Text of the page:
Associated Bank to launch Apple Pay

Green Bay-based Associated Bank plans to launch Apple Pay services for its debit card customers in mid-December.

The bank currently offers the mobile payment service on its Associated Bank branded credit cards and is in the certification and testing process for the debit cards.

With Apple Pay, users upload credit or debit cards to their devices, and the device is then used to pay instead of the card. The Apple device and servers do not store the card number, but rather a unique, encrypted device account number. A one-time dynamic security code is generated for each transaction. And if the device is compromised, the information can be remotely erased.

The process, known as tokenization, has been gaining steam among payment providers and financial institutions because of its added security and ease of use. Minneapolis-based U.S. Bank and Pittsburgh-based PNC Bank, which also have several Milwaukee market branches, have implemented the technology as well.

Customer demand for the new technology is high, said Brent Tischler, director of payments and direct channels at Associated Bank.

“We have, like many issuers, placed an ‘Apple Pay coming soon’ banner on our public website,” Tischler said. “We’ve gotten thousands of hits on that coming soon banner. Our call center, as well as our branches, were getting a lot of customer inquiries if Associated Bank was going to participate.”

Associated Bank is shaping a culture of innovation and has jumped into the Apple Pay space sooner than it might have adopted new technologies in the past, he said.

“It’s really going to be kind of the blueprint for e-commerce going forward from a security standpoint,” Tischler said. “All of the tokenization, digitization, encryption, it creates among the most secure payments possible for our customers and that’s certainly something that’s important for us, as well as privacy.”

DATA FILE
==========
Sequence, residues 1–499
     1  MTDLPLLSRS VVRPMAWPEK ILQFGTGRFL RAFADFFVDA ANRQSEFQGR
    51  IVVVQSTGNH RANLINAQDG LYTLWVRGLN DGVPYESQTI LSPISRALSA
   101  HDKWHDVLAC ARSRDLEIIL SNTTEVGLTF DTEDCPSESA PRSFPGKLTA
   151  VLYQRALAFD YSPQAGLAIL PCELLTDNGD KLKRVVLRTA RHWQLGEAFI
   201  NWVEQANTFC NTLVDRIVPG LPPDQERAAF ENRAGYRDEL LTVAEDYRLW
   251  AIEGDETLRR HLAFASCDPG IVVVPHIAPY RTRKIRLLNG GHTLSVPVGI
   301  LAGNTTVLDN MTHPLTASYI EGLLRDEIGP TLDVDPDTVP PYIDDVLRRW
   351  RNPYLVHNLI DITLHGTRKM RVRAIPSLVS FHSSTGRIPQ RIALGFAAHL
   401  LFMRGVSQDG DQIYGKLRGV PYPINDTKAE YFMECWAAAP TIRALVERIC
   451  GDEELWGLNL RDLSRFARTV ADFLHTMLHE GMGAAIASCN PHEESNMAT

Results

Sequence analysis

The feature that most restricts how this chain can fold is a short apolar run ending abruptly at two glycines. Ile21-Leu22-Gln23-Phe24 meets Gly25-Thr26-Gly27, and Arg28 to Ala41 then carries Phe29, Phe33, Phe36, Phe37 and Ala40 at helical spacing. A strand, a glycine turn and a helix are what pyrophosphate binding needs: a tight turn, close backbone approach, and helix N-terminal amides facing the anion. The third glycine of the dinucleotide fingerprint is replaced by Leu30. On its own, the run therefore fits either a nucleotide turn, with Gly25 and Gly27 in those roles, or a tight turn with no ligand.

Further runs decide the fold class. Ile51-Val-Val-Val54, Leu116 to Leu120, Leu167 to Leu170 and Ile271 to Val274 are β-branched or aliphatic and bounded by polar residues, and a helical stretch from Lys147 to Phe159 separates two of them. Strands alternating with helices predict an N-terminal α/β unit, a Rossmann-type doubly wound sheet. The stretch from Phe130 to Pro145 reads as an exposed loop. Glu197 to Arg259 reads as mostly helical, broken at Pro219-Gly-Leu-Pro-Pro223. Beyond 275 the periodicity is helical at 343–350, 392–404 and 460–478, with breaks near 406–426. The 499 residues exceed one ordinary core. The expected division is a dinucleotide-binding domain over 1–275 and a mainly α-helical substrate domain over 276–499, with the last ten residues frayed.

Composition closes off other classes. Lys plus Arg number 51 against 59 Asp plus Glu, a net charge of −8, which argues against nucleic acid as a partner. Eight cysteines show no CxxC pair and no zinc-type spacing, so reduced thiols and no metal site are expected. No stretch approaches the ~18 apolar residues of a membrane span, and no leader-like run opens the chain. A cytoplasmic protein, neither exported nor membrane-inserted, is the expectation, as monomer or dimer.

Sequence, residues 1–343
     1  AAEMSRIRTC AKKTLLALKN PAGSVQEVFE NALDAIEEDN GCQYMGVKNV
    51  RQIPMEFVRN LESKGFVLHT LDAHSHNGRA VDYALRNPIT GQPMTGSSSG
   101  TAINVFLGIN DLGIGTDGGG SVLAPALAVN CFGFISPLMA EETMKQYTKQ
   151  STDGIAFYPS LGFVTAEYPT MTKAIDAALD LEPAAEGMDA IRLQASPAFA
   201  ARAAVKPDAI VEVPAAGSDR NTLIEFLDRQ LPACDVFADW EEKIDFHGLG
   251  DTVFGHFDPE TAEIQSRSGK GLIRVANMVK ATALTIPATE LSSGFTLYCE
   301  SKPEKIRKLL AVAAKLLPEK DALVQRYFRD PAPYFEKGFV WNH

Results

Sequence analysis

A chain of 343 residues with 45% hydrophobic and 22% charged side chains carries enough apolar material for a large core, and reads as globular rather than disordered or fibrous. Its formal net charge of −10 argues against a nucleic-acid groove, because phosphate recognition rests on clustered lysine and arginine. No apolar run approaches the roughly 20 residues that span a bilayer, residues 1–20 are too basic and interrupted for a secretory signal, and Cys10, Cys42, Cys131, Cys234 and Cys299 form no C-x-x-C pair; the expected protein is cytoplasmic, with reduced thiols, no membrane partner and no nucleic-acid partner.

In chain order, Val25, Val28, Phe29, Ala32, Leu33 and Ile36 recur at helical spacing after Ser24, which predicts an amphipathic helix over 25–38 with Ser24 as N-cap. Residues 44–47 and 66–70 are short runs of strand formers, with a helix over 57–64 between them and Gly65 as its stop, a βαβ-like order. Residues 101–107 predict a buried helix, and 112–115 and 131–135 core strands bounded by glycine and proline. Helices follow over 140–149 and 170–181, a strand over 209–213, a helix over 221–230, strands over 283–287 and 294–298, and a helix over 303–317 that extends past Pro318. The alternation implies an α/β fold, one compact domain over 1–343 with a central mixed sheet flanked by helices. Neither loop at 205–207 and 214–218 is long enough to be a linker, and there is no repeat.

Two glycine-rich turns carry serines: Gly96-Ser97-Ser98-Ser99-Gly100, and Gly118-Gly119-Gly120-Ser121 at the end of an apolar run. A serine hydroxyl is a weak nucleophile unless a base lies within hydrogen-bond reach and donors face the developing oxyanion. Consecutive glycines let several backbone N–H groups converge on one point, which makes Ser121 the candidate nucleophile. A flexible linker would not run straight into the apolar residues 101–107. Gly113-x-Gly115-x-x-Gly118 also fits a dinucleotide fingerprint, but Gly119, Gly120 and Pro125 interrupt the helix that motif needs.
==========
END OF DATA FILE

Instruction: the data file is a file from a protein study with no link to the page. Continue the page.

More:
It’s too soon to tell what adoption rates are like among Associated customers, but the bank expects it will be a compelling solution for them, he said.

Bank customers must an iPhone 6 to use Apple Pay, which can be implemented through an iTunes account or through the Passbook app.

The merchant must also offer near field communication or contactless payment. So far, about 2 to 3 percent of retailers have done so at the point of sale, but Tischler said the trajectory of acceptance continues to accelerate.

“We expect I would say a growing and accelerating shift to mobile payments, but it’s still not going to be the primary channel for some time,” he said. “We are taking a very broad and holistic view to the digital payment network and environment. We believe while Apple Pay will likely emerge as one of the winners in this space, we believe it’s not going to be the only winner.”

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